We resolve to change the cultural dialogue surrounding psychedelic substances to accurately reflect what is known, and steer it towards more productive and compassionate conclusions through education and information.
Like mushrooms emerging after the rain, the global network of psychedelic societies is rising up as a public forum and voice for all the people who appreciate psychedelics.
THINGS WE DO
We organise talks about the effects of psychedelia, medical applications and policy. We had the honour of hosting exciting speakers in the past:
James Fadiman, "Psychedelic Microdosing"David Nutt, "The New Psychedelic Revolution" [Video]Andy Letcher, "Magic mushrooms: past, present and future"Guy Goodwin, "A New Age for Psychedelic Drugs" [Video]Raphaël Millière, "Psychedelic science and consciousness"Robin Carhart-Harris, "Psychedelics, brain mechanisms, therapeutic potential"Dr Ben Sessa: MDMA as a treatment for PTSD [Video]
Throughout the academic year, we organise social events such as social gatherings and movie nights. Everyone is welcome!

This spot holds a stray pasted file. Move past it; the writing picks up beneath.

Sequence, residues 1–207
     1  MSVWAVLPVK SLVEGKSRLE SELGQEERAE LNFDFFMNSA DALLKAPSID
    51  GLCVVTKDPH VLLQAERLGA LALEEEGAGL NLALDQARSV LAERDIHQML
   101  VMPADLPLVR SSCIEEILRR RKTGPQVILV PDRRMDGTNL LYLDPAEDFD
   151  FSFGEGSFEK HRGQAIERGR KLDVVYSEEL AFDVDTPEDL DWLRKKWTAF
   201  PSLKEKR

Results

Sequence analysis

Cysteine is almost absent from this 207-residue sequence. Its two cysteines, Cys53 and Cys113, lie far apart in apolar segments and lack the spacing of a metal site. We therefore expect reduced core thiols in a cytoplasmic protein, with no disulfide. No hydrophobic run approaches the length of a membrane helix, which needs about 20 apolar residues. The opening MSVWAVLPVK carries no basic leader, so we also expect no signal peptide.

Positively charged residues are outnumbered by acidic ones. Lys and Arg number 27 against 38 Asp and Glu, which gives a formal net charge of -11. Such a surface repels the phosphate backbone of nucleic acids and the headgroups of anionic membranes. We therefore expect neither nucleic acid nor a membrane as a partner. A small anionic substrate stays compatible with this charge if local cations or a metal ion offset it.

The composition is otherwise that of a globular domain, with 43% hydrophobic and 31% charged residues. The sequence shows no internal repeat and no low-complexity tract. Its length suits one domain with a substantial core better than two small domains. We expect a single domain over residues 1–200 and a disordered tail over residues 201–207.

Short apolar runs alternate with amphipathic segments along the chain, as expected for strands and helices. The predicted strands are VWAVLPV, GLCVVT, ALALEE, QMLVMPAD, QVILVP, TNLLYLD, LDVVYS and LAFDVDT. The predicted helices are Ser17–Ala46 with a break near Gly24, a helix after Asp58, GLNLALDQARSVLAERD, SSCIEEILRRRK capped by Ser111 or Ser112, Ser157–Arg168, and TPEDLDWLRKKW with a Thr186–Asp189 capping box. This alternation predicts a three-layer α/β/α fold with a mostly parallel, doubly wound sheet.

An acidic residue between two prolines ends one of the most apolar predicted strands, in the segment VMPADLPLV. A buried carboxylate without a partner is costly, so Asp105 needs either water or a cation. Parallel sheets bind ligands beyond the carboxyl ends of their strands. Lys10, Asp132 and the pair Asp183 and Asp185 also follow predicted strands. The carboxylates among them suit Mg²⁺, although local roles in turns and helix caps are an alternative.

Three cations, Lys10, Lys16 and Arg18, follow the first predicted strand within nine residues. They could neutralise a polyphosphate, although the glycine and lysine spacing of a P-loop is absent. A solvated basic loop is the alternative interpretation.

Our biggest social event yet took place in June 2019. We organised the first OddBall, an alternative to the traditional college ball. A visionary summer celebration of the wondrous, the paradoxical, even the totally impossible. We had a fantastic day at the Isis Farmhouse, with art, workshops, fantastic costumes, and music. OddBall is a feast for the senses in the spirit of psychedelia, offering an opportunity to step out of everyday time and into an alternate world of possibilities. For more info see theoddball.org.uk.
Show your OPS love! We have psychedelic T-shirts, sweatshirts, buttons and posters. Our merchandise is proudly designed by one of the UK's most famous psychedelic artist Pinky Vision. We usually sell them after our events, and have a subset available in our webshop. Do get in touch if you're interested!
Prof Guy Goodwin
Guy Goodwin is a professor at the Department of Psychiatry, University of Oxford. His research interests include, among many others, the therapeutic potential of psychedelic drugs.
Check out this video of Prof Guy Goodwin talking about how LSD was discovered, why it became illegal and how psilocybin can help treat depression: "Psychedelic Drugs in Psychiatry".